The three projects listed above represent about ten months of my life. I love creating towns and families, causing trouble for my characters, and then giving them a happily-ever-after. I suppose I’m a hopeless romantic.

I thought I’d give y’all a chance to pick a writer’s brain.

Vickie McDonoughDo you have any questions about writing or maybe writing historical novels that you’d like to ask?

Leave a comment to be entered in a drawing for an ebook copy of The Bull Rider’s Bride or a print copy of Heart of a Cowboy. I’ll be drawing two names.

Good luck, and thanks for spending time with me today!

Guest Blogger

25 Comments

  1. Hi Vickie. Thank you for your post. Your books sound wonderful. I love reading historicals too. My question is, how much time do you spend doing research before you actually begin writing? Are you a plotter or a panster?

    I would love to win one of your books. Thank you for the opportunity.

    Smiles & Blessings,
    Cindy W.

    1. Hi Cindy! The time I spend researching varies a lot from book to book and depends on how much real history is included. For my land run series, I was pretty familiar with the history since I’ve grown up in OK, but I’d never heard of the land lottery, so that took a lot more research. I do quite a bit of research before starting a book, but during the writing, things often pop up that I need to do more research. As for panster or plotter, I’ve somewhere in between. I like a to have the rough frame of the story before I start, but much of it is unknown to me until I get to know my characters betters. I hope that makes sense.

  2. Your new book sounds really good. I enjoyed your post today.

    1. Thanks for stopping by today, Janine.

  3. Historical novels are so wonderful. Iwas wondering if you have ever done something really strange in the name of research?

    1. I have! My editor once asked me if I’d be interested in submitting a proposal for a South Carolina series. I write pretty much all stories set in western states so the eastern coast was a huge reach. But at that time in my writing career, I didn’t want to say no, so I did tons of research and even managed to make a trip to Charleston. I learned a lot and plotted out a 3-book series, and she ended up buying it. The other series I wrote that was a stretch was one set in North Dakota. I learned some fascinating things about a French Marquis who built a meat processing plant and a started a small town he named after his wife, Medora. The town is still there, as is the marquis’s 26-room house. Of course, we had to take a trip up there too.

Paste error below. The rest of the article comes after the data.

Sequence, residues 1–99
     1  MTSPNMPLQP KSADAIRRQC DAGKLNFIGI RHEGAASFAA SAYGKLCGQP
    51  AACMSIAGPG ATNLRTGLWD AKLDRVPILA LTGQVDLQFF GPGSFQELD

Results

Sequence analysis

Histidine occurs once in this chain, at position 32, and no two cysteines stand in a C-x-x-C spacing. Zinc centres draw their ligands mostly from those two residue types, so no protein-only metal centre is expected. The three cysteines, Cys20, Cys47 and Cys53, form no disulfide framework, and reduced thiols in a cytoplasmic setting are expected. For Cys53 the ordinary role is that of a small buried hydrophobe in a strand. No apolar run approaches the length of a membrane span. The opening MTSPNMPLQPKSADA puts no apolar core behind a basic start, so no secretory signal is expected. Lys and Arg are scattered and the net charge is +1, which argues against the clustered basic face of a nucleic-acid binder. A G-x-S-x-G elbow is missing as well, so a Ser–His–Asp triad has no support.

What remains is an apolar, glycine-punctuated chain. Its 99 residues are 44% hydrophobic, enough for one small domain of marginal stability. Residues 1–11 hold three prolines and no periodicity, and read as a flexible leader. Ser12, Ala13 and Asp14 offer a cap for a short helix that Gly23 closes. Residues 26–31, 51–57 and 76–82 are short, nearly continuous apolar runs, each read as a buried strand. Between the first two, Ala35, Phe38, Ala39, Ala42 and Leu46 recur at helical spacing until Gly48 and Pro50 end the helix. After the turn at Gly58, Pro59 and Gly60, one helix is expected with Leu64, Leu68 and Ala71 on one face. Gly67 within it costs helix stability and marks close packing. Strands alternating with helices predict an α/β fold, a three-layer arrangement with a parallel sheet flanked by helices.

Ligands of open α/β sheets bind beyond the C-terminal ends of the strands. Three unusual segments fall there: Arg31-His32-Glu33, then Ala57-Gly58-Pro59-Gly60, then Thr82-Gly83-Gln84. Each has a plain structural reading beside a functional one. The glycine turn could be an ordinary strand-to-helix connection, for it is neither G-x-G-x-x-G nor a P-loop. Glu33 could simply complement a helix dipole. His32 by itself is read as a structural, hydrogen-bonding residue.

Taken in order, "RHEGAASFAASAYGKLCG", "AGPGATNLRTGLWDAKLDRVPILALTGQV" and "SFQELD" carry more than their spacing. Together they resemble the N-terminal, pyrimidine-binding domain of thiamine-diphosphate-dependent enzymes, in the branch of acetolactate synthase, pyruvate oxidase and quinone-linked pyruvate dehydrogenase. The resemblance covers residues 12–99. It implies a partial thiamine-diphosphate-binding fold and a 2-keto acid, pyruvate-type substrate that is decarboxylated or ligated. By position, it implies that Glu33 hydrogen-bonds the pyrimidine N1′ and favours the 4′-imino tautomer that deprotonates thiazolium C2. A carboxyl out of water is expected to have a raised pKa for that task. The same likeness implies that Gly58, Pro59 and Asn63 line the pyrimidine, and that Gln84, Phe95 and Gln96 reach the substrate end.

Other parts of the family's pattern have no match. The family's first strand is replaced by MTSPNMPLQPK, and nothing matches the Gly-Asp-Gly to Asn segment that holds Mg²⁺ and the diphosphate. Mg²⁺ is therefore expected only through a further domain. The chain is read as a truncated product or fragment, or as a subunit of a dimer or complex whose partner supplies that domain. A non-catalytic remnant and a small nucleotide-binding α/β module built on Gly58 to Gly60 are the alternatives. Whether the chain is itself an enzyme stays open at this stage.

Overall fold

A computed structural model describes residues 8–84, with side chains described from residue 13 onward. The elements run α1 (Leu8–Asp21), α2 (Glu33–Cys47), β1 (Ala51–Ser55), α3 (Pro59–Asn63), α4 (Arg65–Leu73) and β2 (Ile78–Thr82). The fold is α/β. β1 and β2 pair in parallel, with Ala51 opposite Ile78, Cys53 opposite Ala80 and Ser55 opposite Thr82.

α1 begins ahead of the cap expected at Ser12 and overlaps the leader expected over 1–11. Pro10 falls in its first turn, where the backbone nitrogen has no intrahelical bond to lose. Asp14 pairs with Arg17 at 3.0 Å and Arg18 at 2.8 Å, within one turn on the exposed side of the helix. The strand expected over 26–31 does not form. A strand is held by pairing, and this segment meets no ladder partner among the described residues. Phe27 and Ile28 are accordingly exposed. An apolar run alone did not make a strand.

4. Hi, Vickie! Nice to meet you. Where/How do you do most of your research?

    1. I do the majority of my research online, unless I’m able to visit the place I’m researching. When I do, I love to tour the historical sections of town and visit old homes that are open to the public. We also usually visit used books stores to hunt for books in about the area.

      1. Used book stores. I hadn’t thought of that. I’ll have to try that sometime. Thanks!

        1. You can find a wealth of books in a used book store, especially if you’re in the town or state you’re researching. Thrift stores and Goodwill stores are also good places to find books about the town you’re visiting.

  5. Good morning Vickie! My best friend from high school (still BFF’s!) got me hooked on those same shows you used to watch! Though it’s been many years since I’ve seen them, they still conjure up some great memories of time spent with my BFF at her house watching TV, drinking Pepsi, and having a good time.
    My question was going to be the same as Faith’s, but since she already asked it, I’ll change it to one about “Heart of a Cowboy”. How was it collaborating with the other three authors to write this collection? How did you guys communicate and come up with the theme, was it fun? I think it would be fun brainstorming ideas with other like-minded authors!